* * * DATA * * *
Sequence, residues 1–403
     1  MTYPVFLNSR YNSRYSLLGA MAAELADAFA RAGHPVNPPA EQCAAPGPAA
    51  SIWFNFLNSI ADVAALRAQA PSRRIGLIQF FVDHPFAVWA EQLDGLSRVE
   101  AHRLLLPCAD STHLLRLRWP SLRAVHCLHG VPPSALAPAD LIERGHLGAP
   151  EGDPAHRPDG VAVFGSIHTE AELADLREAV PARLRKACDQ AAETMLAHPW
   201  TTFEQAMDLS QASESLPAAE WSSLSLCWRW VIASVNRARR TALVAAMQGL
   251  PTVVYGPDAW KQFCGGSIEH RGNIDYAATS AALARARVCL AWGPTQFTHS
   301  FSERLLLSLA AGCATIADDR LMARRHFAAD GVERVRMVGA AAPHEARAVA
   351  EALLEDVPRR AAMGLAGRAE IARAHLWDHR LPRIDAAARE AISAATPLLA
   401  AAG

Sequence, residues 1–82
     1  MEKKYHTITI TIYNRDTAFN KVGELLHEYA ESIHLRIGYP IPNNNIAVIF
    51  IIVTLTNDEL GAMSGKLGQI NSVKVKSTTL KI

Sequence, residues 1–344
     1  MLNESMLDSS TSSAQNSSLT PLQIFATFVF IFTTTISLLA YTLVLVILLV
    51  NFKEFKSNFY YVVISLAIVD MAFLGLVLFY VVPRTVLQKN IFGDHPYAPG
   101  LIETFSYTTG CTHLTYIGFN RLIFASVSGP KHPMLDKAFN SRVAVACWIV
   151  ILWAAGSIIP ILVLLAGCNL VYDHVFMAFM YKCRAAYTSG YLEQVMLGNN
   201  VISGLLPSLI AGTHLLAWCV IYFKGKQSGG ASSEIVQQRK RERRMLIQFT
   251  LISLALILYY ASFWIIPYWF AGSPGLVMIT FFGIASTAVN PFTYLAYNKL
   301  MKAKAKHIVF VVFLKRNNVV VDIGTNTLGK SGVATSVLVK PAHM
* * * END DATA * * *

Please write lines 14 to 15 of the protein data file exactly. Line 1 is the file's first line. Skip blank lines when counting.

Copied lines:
Sequence, residues 1–344
     1  MLNESMLDSS TSSAQNSSLT PLQIFATFVF IFTTTISLLA YTLVLVILLV